Dec. 5, 2006: Two Guard deaths underscore perilous duty

  • Article by: MARK BRUNSWICK, BILL MCAULIFFE and LARRY OAKES , Star Tribune
  • Updated: December 12, 2011 - 1:28 PM


For the second time in four months, Minnesotans are mourning the combat deaths of two National Guard members at once.

The Minnesota soldiers were killed Saturday in Iraq when a bomb exploded near their vehicle while they were on patrol near the battle-torn city of Fallujah, the Department of Defense confirmed Monday.

Specialists Bryan T. McDonough, 22, of Maplewood, and Corey J. Rystad, 20, of Red Lake Falls, were deployed to Iraq in March.

The incident underscores the fact that some of the 2,600 Minnesota National Guard troops in Iraq are operating in the especially volatile and violent Anbar Province, west of Baghdad. Bases there routinely come under mortar fire from insurgents.

In late August, two Guard members were killed within several days in separate roadside bombings.

The latest deaths bring to five the number of Minnesota National Guard members who have died in a yearlong deployment to Iraq. Eighty members of the 1st Brigade, in which state Guard members are serving, have received Purple Hearts, indicative of wounds suffered during combat.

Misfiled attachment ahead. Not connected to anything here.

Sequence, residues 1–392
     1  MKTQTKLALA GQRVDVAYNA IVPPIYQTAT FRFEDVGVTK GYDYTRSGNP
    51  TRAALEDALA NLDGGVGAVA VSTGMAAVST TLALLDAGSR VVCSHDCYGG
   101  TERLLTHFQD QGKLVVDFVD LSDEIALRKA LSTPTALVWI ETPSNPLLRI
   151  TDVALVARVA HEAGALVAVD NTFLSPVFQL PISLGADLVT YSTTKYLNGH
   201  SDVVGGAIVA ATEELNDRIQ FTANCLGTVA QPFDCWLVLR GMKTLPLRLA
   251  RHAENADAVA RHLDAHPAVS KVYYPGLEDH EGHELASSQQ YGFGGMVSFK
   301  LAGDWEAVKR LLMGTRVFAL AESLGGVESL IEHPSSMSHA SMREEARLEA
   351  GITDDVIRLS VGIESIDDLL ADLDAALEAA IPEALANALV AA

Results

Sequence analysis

In addition to operating in Anbar Province, the Minnesotans drive supply convoys on roads in southern Iraq, where improvised explosive devices are often hidden. Guard members also provide medical care for injured Iraqis and reconnect water supplies to war-damaged systems.

`So close to home'

"We're so proud of his courage and bravery," said Shannon McDonough, 24, Bryan McDonough's sister. "But this is something no family should have to go through. You think of the hundreds and
thousands of people over there, and it's sad this had to hit so close to home."

Most of the Minnesotans were deployed in March for yearlong tours, and many have returned home for brief leaves, filling blogs and family photo albums before returning. Some have come home to
see their babies for the first time. While the Minnesota Guard makes up the bulk of the deployment, about 1,500 members from four other states are also involved. Soldiers in units in the 1st Brigade come from more than 33 Minnesota communities, and the deployment has had the largest effect yet on the state's 12,800 troops in the Guard since World War II. Since the Sept. 11 terrorist attacks, almost 8,000 Guard members have served on active duty.

`Only doing his job'

"On behalf of the soldiers of the 1st Brigade and the men and women of the Minnesota National Guard, I express my heartfelt sympathy to the Rystad and McDonough families," Guard commander Lt. Col. Kevin Gutknecht said during a news conference Monday in Crookston.

Rystad and McDonough were assigned to B Company, 2nd Combined Arms Battalion, 136th Infantry, based in Crookston, and had been deployed to Iraq in March.

Gutknecht said two other soldiers were wounded when the Humvee in which the four were riding was rocked by a bomb. One of the wounded soldiers "was very severely injured" and was hospitalized in Germany, Gutknecht said, adding that the other was treated for a minor injury and was expected to return to duty. He said that "privacy considerations" prevented him from releasing the names of the two wounded soldiers.